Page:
I subscribe to email discussion lists on various topics like web development, information architecture, experience design, online writing, etc. I have often seen vicious arguments break out on some of them. Somebody posts something, then someone else not only refutes that but also calls the original poster a moron for not knowing better. Pretty soon, many flames are exchanged, and the rest of the list subscribers are silent witnesses to a bloody mess. Nobody likes that.
From observing these battles, I’ve found some common behavioural patterns in all such incidents. The following is my list of suggestions for avoiding flames and managing conflict on mailing lists:
1. Attack an opinion, not the person. This is my golden rule for resolving conflicts. If, for example, you want to point out that the design of a person’s site sucks, don’t also add that you think the person is a clueless designer. Nobody likes to be called incompetent.
- You’re an ass for suggesting that we use ASP on our site
- Clearly you haven’t read the documentation properly, or you wouldn’t be suggesting this
- If another person tells me that Windows is better than Linux, I’ll spank him
- You are SO wrong!!!
- ASP running using HalcyonASP lacks some key features that we need on our site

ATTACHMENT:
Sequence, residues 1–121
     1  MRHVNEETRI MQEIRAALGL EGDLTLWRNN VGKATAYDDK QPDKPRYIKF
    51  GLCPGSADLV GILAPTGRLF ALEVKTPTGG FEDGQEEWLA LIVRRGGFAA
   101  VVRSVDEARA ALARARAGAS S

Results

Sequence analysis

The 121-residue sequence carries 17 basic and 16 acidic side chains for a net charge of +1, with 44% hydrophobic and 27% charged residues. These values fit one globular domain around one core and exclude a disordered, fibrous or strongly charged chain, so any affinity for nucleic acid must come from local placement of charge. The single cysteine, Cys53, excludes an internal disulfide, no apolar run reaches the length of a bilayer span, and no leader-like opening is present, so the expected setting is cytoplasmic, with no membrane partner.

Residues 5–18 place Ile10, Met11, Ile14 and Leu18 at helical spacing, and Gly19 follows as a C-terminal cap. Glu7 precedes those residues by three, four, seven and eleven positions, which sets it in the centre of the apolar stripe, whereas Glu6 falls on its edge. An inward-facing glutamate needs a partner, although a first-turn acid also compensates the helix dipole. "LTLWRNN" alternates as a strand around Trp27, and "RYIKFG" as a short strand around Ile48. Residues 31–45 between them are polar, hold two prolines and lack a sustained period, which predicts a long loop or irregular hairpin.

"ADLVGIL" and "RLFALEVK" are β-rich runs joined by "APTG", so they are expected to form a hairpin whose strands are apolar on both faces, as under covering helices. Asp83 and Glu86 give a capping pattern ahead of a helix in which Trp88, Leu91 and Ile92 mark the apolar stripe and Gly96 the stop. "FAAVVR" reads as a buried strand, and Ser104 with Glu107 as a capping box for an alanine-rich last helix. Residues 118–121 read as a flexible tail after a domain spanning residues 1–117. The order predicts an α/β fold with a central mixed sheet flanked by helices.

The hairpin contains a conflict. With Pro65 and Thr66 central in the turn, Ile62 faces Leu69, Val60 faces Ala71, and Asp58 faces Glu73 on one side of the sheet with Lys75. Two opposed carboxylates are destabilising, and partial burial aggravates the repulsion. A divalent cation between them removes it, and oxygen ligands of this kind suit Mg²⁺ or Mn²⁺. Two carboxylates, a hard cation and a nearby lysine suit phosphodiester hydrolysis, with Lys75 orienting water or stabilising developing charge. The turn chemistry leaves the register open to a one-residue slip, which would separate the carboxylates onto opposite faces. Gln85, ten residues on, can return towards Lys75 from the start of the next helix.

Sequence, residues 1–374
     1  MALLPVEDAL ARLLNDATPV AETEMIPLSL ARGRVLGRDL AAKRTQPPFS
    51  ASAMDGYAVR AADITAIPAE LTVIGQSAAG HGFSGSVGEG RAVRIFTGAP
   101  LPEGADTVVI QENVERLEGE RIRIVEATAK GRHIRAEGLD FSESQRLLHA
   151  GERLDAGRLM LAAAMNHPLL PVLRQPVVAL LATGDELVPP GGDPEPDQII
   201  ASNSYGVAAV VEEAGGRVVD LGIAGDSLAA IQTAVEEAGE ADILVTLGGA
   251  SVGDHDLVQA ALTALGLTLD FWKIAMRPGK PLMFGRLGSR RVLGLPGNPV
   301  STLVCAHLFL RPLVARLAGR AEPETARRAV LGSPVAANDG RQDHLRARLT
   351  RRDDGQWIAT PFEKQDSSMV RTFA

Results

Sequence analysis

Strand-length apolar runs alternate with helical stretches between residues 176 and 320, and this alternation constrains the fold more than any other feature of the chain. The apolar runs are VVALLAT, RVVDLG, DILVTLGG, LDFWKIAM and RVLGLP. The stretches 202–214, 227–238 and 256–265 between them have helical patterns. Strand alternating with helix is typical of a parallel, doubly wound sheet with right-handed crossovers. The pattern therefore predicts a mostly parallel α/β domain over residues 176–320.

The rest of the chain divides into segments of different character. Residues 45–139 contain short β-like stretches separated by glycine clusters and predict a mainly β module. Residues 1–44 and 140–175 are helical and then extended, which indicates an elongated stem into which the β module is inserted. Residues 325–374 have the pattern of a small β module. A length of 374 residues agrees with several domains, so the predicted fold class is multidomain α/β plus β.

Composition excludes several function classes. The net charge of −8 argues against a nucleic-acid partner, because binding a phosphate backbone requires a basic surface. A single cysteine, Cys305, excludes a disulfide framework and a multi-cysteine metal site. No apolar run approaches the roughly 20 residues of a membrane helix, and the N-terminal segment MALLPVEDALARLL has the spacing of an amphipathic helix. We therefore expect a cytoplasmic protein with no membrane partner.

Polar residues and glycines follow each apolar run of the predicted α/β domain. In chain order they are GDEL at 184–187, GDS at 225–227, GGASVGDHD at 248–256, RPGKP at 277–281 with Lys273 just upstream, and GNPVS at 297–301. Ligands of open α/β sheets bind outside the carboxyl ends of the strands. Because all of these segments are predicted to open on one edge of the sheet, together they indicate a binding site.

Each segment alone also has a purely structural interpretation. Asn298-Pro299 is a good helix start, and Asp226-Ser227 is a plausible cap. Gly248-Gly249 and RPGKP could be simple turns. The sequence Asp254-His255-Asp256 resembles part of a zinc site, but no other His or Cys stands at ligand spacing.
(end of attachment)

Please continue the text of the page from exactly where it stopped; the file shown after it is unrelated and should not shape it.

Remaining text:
- In the documentation at http://www.example.com/docs/installation.htm, this issue has been explained
- (just don’t start a platform flame war 🙂
- I disagree with you.
3. When you disagree with someone, say just that. “I disagree” is not the same as “You’re wrong”. The former is a difference of opinion; the latter can be construed as a personal attack, even when it’s not. When possible, avoid any “you” statement. Make it an “I” statement instead. The subtle (and sometimes not so subtle) effect of having “you” in a sentence is that it puts the spotlight on the person receiving the message. A natural defensive barrier goes up.
Bad: “Why can’t you see that this db schema won’t scale to support transactions with thousands of users? I’ve already told you two times that it won’t work because [reasons]”
Good: “I realise you’ve thought through this, but I’m not sure this db schema is scalable for the features we’re planning. Here’s why: [reasons]”
Believe me, you can never win an argument by starting a letter or email with a negative stance, even when you’re 100% right. The other person’s pride will be hurt, and such a person will fight it out to the death 🙂
5. Don’t be cryptic. Say what you mean, in as simple and straight a way as possible. Avoid innuendo, implied statements, and stuff like “wtf?”, “*shrug*”, etc.
6. When in doubt over what the other person meant, ask him or her. Don’t assume anything. Wars have been fought over assumptions.
7. Humour is always good to diffuse a tense situation. When you suspect that the other person may misinterpret you, use emoticons.